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This Week in Science: Dec 27, 2013

A team of Harvard University researchers reports in Science on its examination of insertion mutations into the EGFR exon 20 in non–small cell lung cancer. These mutations, the team notes, are associated with reduced sensitivity to tyrosine kinase inhibitors like gefitinib, erlotinib, and afatinib, which they confirmed in an in vitro study. By looking at the crystal structure of one D770_N771insNPG mutant, the group noted that the binding pocket is unaltered, but that the extra sequence creates a sort of wedge that keeps the protein in an active conformation. These findings, the team adds, may help inform drug development against TKI insensitive tumors.

Also in Science, researchers led by the University of California, San Francisco's Warner Greene report that interferon-gamma–inducible protein 16 acts as a host DNA sensor that triggers an immune response and CD4 T cell death in response to an abortive HIV infection. Using a proteomic approach that coupled DNA affinity chromatography and mass spectrometry, the researchers identified a number of proteins that bind to HIV DNA, including IFI16. A parallel approach using immunoblotting also identified IFI16. "Our findings now identify IFI16 as a critical DNA sensor required for cell death during abortive HIV-1 infection," the researchers note. "Therapies directed against this host pathway might preserve CD4 T cells and reduce chronic inflammation — two signature pathologies in HIV infection."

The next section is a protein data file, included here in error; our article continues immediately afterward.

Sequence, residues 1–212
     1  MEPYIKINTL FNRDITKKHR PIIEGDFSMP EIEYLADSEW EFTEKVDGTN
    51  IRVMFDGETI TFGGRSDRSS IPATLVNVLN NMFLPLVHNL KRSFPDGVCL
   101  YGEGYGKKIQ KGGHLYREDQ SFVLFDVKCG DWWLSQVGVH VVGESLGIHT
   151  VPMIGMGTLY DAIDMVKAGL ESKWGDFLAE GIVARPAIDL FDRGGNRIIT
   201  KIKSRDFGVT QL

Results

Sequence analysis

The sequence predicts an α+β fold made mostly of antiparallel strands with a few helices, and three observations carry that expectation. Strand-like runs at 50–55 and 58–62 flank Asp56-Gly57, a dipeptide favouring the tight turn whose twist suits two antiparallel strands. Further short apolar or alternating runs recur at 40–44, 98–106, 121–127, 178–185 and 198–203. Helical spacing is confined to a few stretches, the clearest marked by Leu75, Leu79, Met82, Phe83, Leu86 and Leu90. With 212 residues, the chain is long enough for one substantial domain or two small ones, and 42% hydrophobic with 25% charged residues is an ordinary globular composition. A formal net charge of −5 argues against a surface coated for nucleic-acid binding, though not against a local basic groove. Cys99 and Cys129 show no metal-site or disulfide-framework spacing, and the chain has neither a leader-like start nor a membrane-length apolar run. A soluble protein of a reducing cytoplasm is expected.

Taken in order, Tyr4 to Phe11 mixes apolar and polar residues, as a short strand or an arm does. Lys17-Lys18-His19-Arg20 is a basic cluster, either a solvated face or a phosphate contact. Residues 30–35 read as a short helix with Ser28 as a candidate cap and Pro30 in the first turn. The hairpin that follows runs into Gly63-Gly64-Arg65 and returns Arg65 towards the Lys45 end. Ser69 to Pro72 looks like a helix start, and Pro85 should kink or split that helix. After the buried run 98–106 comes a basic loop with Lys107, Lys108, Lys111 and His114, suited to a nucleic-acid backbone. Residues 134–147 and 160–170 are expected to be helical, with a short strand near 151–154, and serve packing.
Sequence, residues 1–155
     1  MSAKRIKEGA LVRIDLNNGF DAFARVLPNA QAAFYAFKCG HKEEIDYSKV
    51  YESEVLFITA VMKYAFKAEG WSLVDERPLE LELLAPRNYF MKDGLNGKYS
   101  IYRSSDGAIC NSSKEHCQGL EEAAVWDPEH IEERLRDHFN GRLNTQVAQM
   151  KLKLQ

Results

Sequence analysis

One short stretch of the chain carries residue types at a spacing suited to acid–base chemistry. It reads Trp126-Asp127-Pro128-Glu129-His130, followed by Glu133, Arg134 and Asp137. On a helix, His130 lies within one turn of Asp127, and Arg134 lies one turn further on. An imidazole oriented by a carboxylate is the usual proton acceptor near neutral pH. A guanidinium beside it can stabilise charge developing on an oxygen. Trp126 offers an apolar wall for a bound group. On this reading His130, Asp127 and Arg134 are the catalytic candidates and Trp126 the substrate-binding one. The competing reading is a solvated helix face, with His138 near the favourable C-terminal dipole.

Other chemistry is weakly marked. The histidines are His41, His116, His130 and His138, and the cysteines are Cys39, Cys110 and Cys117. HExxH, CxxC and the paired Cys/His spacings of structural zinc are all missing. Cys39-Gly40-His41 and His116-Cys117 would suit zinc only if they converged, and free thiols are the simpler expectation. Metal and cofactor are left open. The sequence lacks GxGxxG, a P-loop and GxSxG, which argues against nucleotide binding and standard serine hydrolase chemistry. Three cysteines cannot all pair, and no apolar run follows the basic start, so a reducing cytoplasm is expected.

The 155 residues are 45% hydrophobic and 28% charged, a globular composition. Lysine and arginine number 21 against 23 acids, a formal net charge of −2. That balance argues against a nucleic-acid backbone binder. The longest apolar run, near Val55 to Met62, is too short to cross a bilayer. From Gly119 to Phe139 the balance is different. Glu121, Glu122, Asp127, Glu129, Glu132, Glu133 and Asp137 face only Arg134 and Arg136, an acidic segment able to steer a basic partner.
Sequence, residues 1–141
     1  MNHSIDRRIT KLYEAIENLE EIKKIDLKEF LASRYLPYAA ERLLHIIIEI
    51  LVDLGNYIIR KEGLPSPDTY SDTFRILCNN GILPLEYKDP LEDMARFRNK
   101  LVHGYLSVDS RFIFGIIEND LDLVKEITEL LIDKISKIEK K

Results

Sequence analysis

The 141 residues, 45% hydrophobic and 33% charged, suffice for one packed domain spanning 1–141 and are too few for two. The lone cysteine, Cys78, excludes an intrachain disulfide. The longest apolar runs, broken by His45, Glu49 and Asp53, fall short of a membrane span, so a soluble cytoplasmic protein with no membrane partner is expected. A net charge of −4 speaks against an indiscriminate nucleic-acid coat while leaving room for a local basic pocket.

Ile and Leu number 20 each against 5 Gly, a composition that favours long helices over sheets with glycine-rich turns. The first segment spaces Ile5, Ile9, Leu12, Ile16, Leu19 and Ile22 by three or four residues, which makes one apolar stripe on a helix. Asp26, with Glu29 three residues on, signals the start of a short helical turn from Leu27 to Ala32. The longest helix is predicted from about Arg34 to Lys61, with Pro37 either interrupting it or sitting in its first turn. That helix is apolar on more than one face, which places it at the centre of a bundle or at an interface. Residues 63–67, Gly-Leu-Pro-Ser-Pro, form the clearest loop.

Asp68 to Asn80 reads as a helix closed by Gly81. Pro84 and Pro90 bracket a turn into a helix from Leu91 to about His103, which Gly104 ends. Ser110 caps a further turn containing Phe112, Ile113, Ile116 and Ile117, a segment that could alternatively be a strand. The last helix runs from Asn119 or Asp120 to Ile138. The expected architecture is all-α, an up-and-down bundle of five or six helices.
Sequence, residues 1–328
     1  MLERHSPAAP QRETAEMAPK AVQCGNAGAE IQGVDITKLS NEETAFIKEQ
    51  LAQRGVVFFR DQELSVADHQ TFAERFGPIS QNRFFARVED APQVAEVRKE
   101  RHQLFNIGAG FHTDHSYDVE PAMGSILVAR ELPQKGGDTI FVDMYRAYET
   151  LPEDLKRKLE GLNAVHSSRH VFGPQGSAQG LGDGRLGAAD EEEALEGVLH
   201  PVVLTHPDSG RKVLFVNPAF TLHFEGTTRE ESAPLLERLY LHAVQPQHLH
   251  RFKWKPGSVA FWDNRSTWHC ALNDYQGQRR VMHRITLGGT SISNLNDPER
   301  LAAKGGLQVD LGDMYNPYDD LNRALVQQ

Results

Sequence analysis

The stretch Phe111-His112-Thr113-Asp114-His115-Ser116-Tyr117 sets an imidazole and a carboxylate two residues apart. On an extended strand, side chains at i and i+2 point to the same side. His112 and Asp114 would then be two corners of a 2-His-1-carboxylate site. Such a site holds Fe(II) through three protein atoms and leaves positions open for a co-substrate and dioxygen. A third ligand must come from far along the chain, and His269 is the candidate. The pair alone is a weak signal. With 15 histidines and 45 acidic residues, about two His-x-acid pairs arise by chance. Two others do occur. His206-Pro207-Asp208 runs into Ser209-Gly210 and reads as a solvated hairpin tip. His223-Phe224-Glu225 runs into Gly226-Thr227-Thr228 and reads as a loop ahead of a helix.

The Scan

Positive Framing of Genetic Studies Can Spark Mistrust Among Underrepresented Groups

Researchers in Human Genetics and Genomics Advances report that how researchers describe genomic studies may alienate potential participants.

Small Study of Gene Editing to Treat Sickle Cell Disease

In a Novartis-sponsored study in the New England Journal of Medicine, researchers found that a CRISPR-Cas9-based treatment targeting promoters of genes encoding fetal hemoglobin could reduce disease symptoms.

Gut Microbiome Changes Appear in Infants Before They Develop Eczema, Study Finds

Researchers report in mSystems that infants experienced an enrichment in Clostridium sensu stricto 1 and Finegoldia and a depletion of Bacteroides before developing eczema.

Acute Myeloid Leukemia Treatment Specificity Enhanced With Stem Cell Editing

A study in Nature suggests epitope editing in donor stem cells prior to bone marrow transplants can stave off toxicity when targeting acute myeloid leukemia with immunotherapy.